UKAS accreditation....one year on
It’s been a little over a year since we achieved IQIPS accreditation last year at five of our eight vascular sites. It was a complex process which involved a lot of hard work from my team completing the mandatory actions and making progress on the recommended actions that came out of the initial full assessment.
A leverage for change
Unfortunately the assessment wasn’t all smooth sailing, as UKAS found major non-conformities in the facilities (or more accurately lack of them) at three of our eight sites. As a result, we removed those three sites from our application. This was doubly frustrating as not only had we done as much as we could to get them up to scratch before the assessment, their removal was solely down to an issue that we do not have direct control over. However, the mood was lifted considerably when we were delighted to receive our certificate of accreditation in June last year.
Turning a negative into a positive, we have used the accreditation report issued by UKAS to instigate change at those three sites with unsatisfactory facilities:
- a new dedicated scan room has been re-furbished at our North Manchester laboratory giving us a separate office and scan room and increased our clinical capacity.
- a whole new department has been found for our vascular service at the Royal Oldham Hospital, which has been operational since April 2015.
- the accommodation has already been improved at our Bolton laboratory and the Trust will be providing our facilities with better office space.
Once the accommodation has been improved at all three of these sites we will apply to get them included in our scope of accreditation this year. Having the accreditation report has made this possible; it has been a real leverage for change!
Holding UKAS accreditation makes us stand out and identifies us as market leaders. Professionally, I was asked to present our IQIPS accreditation experiences to our professional body – the Society of Vascular Technology (SVT) in November last year. In addition, I was awarded the “Ann Donald Vascular scientist award” by the SVT for the work on UKAS accreditation, so gaining accreditation has definitely raised our profile amongst our peers. From a business point of view, we have recently been approached by venture capitalists wanting to make an investment because they have seen us on the UKAS website.
Sailing on the winds of change
At the moment across the country, a massive re-organisation and centralisation of vascular services is underway. In Manchester alone there are three NHS hospital trusts vying for vascular centre status. The Vascular Studies Unit at South Manchester holding UKAS/IQIPS accreditation gives us a real competitive advantage and hopefully will assist our host trust in becoming the vascular centre.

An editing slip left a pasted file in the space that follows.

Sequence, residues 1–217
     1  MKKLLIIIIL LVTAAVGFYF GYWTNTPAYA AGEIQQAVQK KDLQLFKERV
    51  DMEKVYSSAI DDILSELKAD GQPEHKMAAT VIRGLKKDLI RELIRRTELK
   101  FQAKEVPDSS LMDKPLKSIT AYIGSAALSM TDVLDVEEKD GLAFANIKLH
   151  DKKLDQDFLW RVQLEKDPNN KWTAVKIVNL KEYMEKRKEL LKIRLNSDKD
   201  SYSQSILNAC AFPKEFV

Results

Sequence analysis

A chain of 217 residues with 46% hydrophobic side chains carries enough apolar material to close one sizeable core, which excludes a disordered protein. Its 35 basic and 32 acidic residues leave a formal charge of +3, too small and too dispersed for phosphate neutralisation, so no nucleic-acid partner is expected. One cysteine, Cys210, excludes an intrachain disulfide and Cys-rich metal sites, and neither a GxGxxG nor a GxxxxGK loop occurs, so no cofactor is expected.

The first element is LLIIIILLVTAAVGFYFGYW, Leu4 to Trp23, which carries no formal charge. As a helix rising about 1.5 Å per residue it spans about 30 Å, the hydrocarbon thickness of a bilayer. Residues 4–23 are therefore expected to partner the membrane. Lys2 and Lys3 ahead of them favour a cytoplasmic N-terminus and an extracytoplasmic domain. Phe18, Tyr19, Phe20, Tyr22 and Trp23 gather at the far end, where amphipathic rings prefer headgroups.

Having UKAS/IQIPS accreditation also helps our vascular laboratories to be compliant for CQC registration.
Morale and service
Our staff know that they work in accredited laboratories and that these are the first accredited laboratories in the country – this gives them a sense of pride and has increased staff morale. It has given us more confidence in our vascular services and has encouraged reflective learning. These improvements increase job satisfaction and decrease both stagnation and burn out.
Going through the year one surveillance process gives you the chance to review all the work you completed for the accreditation. It enables you to have analytical view of the service and ensures that all your recommended actions have been completed and are now included in the assessment.
Overall, I have to say it has have been a positive experience and I feel our service has “grown up” through the process. I would recommend any vascular laboratory to engage with this process and hopefully become accredited. We have found becoming accredited has driven up the quality of our services and hopefully will enhance the awareness of vascular ultrasound as a profession across the UK.
Onwards and upwards
Twenty years ago the SVT was starting the process of individual accreditation. Two decades later SVT is still the badge of quality we are all aspiring to and achieving. There have been rumblings about laboratory accreditation for quite some time. It is now here and in the years to come it will be rare to work in a non-accredited laboratory.
Although gaining UKAS accreditation has been hard work it definitely has been worth it. Hopefully by the next assessment at year two we will have started the process of getting all eight of our vascular sites included within our scope of accreditation.
✓ Can save 17% to 34% of the cost of setting up and running a vascular laboratory
✓ Reduces capital expenditure
✓ Lowers staff and administration costs
✓ 95% of inpatients investigated the same day
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